The Forestry Commission has organised a stakeholders’ validation workshop on the Environmental and Social Impact Assessment (ESIA) for the Ghana Shea Landscape Emission Reductions Project (GSLERP) to identify risks and impacts during implementation of the project.
The event, held in Tamale, was in collaboration with the United Nations Development Programme (UNDP), Global Shea Alliance and Green Climate Fund to propose mitigation and redress measures to serve as guide for stakeholders to take informed decisions.
Mr. Emmanuel Baapeug, Project Manager of GSLERP, speaking during the event, said the seven-year GSLERP Project being implemented in the five regions in the Northern Sector, was to contribute to the empowerment of individuals, especially women and other disadvantaged people to participate in social, economic, civic and cultural activities comparable to the national level.
He said the project, which was implemented last year, was to enhance economic activity in the northern sector, especially involvement of women in the harvesting and processing of shea nuts as part of poverty reduction.
He stated that the Ghana Living Standards Survey (GLSS) reports indicated that quarter of the citizenry were poor while less than 10 per cent were extremely poor.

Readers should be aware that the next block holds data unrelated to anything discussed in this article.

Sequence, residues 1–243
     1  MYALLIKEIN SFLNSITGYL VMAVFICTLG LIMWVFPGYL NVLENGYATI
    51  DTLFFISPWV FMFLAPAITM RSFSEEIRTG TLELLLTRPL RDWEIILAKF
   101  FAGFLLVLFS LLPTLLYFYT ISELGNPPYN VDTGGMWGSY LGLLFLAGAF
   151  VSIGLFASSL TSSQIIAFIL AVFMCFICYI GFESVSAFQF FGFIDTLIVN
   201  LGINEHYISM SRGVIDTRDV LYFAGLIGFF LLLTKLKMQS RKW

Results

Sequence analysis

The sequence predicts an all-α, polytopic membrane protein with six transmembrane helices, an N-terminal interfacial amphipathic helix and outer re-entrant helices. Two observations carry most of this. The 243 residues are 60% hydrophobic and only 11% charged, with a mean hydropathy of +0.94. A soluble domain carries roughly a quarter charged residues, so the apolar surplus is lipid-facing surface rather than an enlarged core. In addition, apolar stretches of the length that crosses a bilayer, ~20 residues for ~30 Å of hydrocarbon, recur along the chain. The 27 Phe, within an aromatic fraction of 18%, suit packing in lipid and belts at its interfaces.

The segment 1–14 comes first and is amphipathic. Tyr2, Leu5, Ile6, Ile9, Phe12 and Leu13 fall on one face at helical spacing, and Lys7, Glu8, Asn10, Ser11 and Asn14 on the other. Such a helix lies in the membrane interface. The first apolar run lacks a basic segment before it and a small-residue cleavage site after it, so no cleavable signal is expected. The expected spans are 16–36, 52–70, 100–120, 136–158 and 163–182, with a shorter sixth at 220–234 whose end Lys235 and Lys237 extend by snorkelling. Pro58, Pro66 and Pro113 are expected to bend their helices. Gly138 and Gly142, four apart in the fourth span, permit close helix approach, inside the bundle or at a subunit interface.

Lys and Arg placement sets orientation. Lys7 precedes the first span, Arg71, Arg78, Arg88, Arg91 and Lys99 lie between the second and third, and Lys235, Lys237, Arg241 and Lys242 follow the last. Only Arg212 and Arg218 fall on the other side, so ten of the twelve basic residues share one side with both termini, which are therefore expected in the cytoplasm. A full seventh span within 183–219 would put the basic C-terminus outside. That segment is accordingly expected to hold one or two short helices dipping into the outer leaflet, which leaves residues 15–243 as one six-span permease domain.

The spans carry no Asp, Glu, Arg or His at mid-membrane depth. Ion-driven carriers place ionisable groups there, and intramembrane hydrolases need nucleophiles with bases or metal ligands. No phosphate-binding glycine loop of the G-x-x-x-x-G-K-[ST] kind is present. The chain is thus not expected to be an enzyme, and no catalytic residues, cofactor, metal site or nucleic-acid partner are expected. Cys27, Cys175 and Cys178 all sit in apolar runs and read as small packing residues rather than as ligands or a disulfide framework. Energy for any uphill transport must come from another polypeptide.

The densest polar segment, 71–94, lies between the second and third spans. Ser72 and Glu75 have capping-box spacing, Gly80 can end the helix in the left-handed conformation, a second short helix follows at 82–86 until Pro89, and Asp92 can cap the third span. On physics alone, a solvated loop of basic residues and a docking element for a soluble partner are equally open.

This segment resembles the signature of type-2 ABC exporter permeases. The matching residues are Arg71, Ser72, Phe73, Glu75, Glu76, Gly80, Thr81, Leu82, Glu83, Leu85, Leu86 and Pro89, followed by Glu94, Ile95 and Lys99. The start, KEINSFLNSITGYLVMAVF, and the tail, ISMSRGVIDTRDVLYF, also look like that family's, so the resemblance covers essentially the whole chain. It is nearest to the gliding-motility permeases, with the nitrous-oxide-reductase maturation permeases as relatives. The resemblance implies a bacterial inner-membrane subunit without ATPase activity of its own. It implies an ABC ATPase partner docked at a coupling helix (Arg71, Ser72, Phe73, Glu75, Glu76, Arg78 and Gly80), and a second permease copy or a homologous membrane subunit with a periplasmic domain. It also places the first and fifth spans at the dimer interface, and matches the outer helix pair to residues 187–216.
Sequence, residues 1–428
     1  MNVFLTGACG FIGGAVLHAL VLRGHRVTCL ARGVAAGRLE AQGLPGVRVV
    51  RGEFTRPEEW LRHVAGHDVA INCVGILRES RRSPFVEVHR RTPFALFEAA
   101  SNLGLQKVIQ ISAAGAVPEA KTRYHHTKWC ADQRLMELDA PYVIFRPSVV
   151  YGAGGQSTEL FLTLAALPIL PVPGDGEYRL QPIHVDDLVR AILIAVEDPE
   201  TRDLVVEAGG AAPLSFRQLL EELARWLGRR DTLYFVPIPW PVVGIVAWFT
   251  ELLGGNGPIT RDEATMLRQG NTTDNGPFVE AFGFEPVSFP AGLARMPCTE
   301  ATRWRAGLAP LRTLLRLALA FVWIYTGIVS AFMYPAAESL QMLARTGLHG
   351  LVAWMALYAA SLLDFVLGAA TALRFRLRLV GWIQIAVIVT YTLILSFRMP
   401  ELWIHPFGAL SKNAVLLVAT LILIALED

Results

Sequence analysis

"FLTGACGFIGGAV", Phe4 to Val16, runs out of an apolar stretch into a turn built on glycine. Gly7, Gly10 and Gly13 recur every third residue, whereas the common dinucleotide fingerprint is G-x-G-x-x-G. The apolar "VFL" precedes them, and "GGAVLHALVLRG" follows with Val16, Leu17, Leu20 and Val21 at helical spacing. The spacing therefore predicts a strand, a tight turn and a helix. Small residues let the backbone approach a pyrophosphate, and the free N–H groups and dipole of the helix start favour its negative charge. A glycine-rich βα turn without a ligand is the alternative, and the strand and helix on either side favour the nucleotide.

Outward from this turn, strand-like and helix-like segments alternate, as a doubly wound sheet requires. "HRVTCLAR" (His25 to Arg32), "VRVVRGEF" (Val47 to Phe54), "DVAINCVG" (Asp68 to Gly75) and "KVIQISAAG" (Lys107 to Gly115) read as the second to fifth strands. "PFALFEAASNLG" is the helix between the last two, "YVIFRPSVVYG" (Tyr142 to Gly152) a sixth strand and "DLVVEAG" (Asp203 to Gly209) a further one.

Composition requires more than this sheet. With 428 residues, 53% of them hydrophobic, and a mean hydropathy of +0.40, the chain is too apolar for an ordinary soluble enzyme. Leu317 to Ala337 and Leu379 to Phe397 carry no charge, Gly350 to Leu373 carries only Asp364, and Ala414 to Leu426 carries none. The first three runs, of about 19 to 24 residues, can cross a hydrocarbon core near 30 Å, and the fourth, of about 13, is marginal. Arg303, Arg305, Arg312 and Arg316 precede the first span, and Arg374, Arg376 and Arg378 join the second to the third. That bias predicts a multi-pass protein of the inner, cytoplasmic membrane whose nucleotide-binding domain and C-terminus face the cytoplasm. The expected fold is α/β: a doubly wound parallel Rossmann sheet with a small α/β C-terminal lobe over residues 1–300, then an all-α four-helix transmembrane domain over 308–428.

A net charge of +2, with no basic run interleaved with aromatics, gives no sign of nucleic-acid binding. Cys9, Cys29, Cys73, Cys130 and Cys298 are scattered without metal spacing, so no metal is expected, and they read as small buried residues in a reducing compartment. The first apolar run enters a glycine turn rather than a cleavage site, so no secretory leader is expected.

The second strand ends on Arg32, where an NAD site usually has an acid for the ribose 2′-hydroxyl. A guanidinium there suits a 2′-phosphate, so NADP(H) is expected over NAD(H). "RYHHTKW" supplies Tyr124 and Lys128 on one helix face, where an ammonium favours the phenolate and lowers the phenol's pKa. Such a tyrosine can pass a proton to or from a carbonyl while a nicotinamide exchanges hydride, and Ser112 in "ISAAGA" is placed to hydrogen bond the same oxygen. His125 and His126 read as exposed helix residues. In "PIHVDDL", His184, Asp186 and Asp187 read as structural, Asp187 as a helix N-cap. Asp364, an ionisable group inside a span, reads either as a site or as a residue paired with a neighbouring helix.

Mr. Baapeug said: “Poverty is intense in the rural savannah with more than a quarter of people living there being described as extremely poor,” and the implementation of the project was also to involve women in decision-making in Northern Ghana.
He indicated that the project was intended to influence involvement of women in the implementation of the GSLERP, especially with respect to formation of community level governance structures, training programmes that would influence financial and social empowerment of women and plantation development and other land-use activities that involved decision-making and control over resources.
Mr. Edward Dwumfour, ESIA Consultant said the project would increase shea stock, which could attract potential donor support for development of the landscape to promote financial and technical empowerment for women in the rural areas.
He said the programme would empower women financially to support families’ payment of school fees, health care, provide for feeding and nutritional needs of the family for better lives as part of Improving the ecosystem.
Mr. Dwumfour said the project would help in the planting of more trees, which will serve as wind breaks, check erosion and also generate employment opportunities.”
Miss Doreen Asumang-Yeboah, Member of ESIA Consultant Team, noted that the project would be addressing child labour, child trafficking, child early marriages, and gender-based violence especially in the rural areas.
The GSLERP project is being implemented by the Ghana Forestry Commission (FC) with technical support from the Global Shea Alliance and the UNDP alongside multiple national and local governing institutions, civil society representatives and private sector actors, who will meaningfully and effectively participate in its further design, implementation and benefits.